First, Build up Trust
Boomer, a troubled horse who learned to trust.
“First, do no harm.” Doctors have to take this oath before they can call themselves doctors. Horse trainers don’t have to promise anything before they hang out their shingle. If they did, it should be something like: first, establish trust.
A new client apologized to me the other day for her 12-year-old Arab cross not being further along in his training. “He’s just a trail horse!” she confided as she walked him to the arena. “He doesn’t know anything.” She made it sound like being a trail horse is something to be embarrassed about.
I offered to get on the horse first, to hear the horse’s side of the story. He stood quietly at the mounting block while I adjusted my stirrups. He took a deep breath, then walked and trotted happily forward, though he had no idea what a circle was. He had no idea how to give to the bit or bend around the rider’s leg, either, but I could steer and stop him without turning him into the fence.
Getting on for the first time can have a big impact on how trustworthy that horse will be.
Within thirty minutes of our first lesson, the horse began to stretch, bend, and lower his neck. His ears moved back and forth as he tried to figure out what I was asking. He looked happy. The owner looked impressed. I pointed out that she deserved most of the credit. The horse trusts her, and, by extension, trusts me. This made it easy to focus on teaching him about how to carry himself in a way that would allow him to develop correct balance and the right kind of muscles. The owner then got on her horse, and we finished the lesson on a positive note, all three of us happy with where we were headed. I am looking forward to riding this horse again already.
After this client left, I saddled my next horse, a six-year old Warmblood mare I’ve been working with every day for several months. This mare was started in draw reins and rushed through her early training until she rebelled. Her current owner bought her for a suspiciously low price as a five-year-old. The mare bucked her off shortly thereafter, which is the reason she ended up in my program.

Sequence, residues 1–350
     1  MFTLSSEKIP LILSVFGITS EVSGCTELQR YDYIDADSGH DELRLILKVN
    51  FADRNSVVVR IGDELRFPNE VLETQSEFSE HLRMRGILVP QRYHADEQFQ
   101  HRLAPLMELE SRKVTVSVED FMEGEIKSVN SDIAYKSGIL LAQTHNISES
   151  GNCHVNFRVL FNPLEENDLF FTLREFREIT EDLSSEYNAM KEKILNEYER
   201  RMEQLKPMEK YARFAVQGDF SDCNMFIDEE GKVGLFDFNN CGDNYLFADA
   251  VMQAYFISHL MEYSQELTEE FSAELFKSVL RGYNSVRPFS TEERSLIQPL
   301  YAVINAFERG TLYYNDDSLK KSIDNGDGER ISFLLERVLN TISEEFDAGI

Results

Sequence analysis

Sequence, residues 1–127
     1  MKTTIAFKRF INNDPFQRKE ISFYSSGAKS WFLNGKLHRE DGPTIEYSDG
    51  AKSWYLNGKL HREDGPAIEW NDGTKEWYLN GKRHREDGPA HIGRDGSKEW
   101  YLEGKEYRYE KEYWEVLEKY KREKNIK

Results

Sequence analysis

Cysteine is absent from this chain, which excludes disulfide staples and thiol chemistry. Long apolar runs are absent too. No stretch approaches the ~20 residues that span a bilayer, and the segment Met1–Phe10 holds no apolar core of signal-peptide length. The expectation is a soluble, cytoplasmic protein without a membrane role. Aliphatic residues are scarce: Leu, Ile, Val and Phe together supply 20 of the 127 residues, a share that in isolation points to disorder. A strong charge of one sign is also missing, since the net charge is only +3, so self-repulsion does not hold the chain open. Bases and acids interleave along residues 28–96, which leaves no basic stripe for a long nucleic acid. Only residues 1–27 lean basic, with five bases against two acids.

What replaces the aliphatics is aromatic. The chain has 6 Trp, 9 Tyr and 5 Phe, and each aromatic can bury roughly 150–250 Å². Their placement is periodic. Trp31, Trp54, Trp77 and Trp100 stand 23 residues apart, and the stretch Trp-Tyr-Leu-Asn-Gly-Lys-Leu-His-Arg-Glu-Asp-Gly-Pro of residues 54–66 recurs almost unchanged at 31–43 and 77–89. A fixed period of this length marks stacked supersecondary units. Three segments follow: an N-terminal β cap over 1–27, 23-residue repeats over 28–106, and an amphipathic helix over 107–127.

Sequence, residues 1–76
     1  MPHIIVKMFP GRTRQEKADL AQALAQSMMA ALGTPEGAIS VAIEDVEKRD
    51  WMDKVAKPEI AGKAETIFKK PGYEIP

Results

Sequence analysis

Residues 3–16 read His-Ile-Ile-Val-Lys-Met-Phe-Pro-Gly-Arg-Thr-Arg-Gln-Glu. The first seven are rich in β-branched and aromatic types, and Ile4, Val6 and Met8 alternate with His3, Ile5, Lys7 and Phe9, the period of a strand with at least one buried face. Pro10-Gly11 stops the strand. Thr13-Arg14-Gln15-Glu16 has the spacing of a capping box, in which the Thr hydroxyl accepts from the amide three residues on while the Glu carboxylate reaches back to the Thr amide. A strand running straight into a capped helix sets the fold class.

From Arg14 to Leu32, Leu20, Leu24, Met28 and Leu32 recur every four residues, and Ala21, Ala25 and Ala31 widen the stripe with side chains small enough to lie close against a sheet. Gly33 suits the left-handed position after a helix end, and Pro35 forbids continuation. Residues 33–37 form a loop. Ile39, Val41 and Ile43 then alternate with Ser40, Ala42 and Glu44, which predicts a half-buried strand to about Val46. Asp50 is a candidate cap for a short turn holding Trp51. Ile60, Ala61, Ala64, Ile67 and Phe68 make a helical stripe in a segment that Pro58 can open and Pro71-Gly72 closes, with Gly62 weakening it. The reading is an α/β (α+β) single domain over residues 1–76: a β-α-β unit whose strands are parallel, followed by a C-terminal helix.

Cami, a little mare who took a long time to become trustworthy. It was worth it.
Unlike my new client’s trail horse, this talented mare can perform most movements of second level dressage. Also unlike my new client’s trail horse, she has never learned to just carry a rider on a relaxed back. Even after all the time I’ve spent with her, doing ground work, re-starting her in the round pen, and teaching her to stretch forward and down, she remains unpredictable. There is a residual tension inside her. By now, she often relaxes enough to let me talk to her through my seat and hands, but other times I can feel her turn into a coiled spring underneath me. Every time I think she will never buck again, she does. She can’t help it. She’s like a war veteran with PTSD symptoms. I don’t blame the mare. I know she is only defending herself when she thinks I’m about to force her back into the artificially round, pulled-together frame she learned to fear as a youngster, an uncomfortable position that left her nowhere to go but up. I am doing what I can to help her, but I am not sure this horse will ever be safe to ride, or fun to ride. She has not (yet) bucked me off. With time and patience, she might still become a solid citizen. But then again, she might not. With a troubled horse, it’s hard to say.
A horse with little formal education who basically trusts people is much easier to teach than a troubled one who has lost this trust. Before I can work on anything else, I have to teach the troubled horse to trust me, first from the ground, then on his back. Before I can think about dressage movements, before I can think about moving up the training scale, the horse has to carry me without anxiety or tension. Sometimes, the horse’s trust is destroyed for good. Often, such horses will be labeled as unrideable or ill-tempered and sold or given away into an uncertain future.
Renegade, an example of a trustworthy horse.
So, if you’re “just” a trail rider or “just” an endurance rider, if your horse has no idea what a circle is, if your horse has never heard of contact or connection: your horse may still be better trained than many others. If your horse carries you willingly, if your horse trusts you enough to accept your presence and weight on his back, you are doing something right. You have confirmed the bottom layer of the training scale. From here, progress is comparatively easy. Trust and relaxation are the bedrock of all good horsemanship. A horse who has not learned to move freely forward with a rider on his back will never be dependable, willing partner. Before we can worry about anything else, a horse has to carry his rider in a trusting frame of mind and body. At that point, it doesn’t matter where he carries his head and neck. It’s too early to worry about contact with the bit. Trying to make him look like a more advanced dressage horse may be tempting, especially if he’s born and bred to go up the levels. Don’t go there. Take the time to establish trust and relaxation, or you will pay for it later. Without these elements, a horse’s training becomes a house of cards, likely to collapse before it reaches its full height.
Ao at her first show, stretching forward and down. Trust means you can ride your horse in an unfamiliar environment